2 teaspoons minced fresh herbs, such as cilantro, basil and/or parsley

Pinch of cayenne pepper

Pinch of grated lime or lemon zest

Fine sea salt and freshly ground pepper

18 to 20 squash blossoms, the bigger the better

For the tempura batter

5 tablespoons all-purpose flour

5 tablespoons cornstarch

1 teaspoon baking powder

½ teaspoon baking soda

½ teaspoon fine sea salt

½ cup (120 ml) seltzer, club soda or sparkling water

Canola or peanut oil, for deep-frying

Flake salt, such as Maldon

 

Working Ahead

The mousse can be made up to 2 days ahead, covered and refrigerated. You can fill the blossoms a few hours ahead and keep them in the refrigerator, but it’s best to make the tempura batter at the last minute.

To make the mousse: Put the shrimp and egg white in a food processor and pulse a few times until you have a chunky paste. Add the rest of the ingredients and pulse only a couple of times to incorporate them. (The mousse can be made ahead and refrigerated, covered, for up to 2 days.)

To stuff the blossoms: It’s easiest if you scrape the mousse into a piping bag or a zipper-lock plastic bag — push the mousse into a bottom corner of the bag and snip off the tip. Alternatively, you can use a small spoon.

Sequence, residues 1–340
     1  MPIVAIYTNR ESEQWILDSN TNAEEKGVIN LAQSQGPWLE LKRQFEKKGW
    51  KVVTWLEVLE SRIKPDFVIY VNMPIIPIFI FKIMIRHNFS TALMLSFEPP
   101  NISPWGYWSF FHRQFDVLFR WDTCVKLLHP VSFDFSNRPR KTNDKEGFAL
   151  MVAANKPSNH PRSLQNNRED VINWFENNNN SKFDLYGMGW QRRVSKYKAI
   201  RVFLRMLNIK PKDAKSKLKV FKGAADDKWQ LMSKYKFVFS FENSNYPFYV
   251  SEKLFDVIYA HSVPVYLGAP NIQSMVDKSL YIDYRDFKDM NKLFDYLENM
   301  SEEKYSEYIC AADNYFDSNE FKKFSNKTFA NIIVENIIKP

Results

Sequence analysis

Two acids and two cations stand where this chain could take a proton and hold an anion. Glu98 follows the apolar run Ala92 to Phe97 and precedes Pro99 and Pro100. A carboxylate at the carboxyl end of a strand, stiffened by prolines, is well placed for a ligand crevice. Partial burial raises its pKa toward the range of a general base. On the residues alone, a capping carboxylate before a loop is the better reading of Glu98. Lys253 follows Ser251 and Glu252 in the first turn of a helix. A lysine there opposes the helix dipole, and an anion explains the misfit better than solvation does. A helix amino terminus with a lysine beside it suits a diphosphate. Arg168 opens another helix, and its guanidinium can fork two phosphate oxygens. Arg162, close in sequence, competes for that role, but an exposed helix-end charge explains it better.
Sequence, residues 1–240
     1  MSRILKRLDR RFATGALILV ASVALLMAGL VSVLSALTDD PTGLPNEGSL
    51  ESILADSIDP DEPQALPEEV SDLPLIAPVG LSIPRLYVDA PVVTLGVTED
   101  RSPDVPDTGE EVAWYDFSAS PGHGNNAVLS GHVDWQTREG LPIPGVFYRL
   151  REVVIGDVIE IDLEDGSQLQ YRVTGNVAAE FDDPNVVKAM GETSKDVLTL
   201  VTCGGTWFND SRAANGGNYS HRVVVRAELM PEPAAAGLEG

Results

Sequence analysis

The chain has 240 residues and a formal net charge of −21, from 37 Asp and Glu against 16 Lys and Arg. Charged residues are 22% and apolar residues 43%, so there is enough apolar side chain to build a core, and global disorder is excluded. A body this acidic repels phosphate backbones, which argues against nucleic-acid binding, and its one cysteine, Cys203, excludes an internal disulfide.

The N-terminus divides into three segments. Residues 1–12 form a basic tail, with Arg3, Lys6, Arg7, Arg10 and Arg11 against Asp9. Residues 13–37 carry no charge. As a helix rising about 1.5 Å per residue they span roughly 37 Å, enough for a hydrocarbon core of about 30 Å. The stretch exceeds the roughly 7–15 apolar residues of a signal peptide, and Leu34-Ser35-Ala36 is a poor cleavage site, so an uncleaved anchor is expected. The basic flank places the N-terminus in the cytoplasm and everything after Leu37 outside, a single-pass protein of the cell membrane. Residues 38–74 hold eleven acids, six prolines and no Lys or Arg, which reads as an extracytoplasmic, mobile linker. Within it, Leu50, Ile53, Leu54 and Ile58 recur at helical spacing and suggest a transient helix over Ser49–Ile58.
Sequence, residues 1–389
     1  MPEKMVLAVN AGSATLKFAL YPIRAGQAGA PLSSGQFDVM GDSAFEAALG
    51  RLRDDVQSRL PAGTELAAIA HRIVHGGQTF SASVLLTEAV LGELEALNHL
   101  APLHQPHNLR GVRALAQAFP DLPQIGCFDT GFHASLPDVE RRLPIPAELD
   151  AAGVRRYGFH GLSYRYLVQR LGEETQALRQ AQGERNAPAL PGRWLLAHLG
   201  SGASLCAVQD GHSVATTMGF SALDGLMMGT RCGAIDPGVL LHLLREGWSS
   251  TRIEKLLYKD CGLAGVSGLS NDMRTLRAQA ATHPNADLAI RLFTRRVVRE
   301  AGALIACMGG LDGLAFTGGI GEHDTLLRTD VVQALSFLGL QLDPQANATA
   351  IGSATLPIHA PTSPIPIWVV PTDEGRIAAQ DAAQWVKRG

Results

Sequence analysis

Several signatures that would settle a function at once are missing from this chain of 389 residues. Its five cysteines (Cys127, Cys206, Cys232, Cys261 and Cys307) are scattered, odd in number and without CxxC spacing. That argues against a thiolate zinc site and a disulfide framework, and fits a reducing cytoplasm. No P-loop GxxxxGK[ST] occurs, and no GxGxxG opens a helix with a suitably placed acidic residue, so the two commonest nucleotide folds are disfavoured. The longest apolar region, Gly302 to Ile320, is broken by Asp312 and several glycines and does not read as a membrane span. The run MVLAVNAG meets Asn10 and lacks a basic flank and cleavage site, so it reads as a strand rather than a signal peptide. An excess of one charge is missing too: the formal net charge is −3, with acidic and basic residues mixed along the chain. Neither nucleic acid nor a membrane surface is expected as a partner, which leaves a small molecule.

If you’d like, you can reach inside the squash blossoms with tweezers and pull out the tough stamens, but it’s fine if you don’t. Carefully open the blossoms at the top — if they tear, as they most likely will (they’re so fragile), just carry on — and pipe or spoon in a small amount of mousse. Don’t be too generous; the mousse will expand when it’s cooked. (You can refrigerate the blossoms for a few hours now, if it’s more convenient. Leave them on the counter to warm a bit while you make the batter and heat the oil.)

TO BATTER AND FRY THE BLOSSOMS: Whisk together the dry ingredients, then blend in the seltzer. You’ll have a smooth batter that’s the consistency of heavy cream.

Have chopsticks (or a fork) and a slotted spoon or small strainer at hand. Line a plate with a double thickness of paper towels. Pour enough oil into a medium saucepan to come 2 inches up the sides. Attach a deep-frying thermometer to the saucepan or have an instant-read one at hand. Heat the oil to 350 degrees F.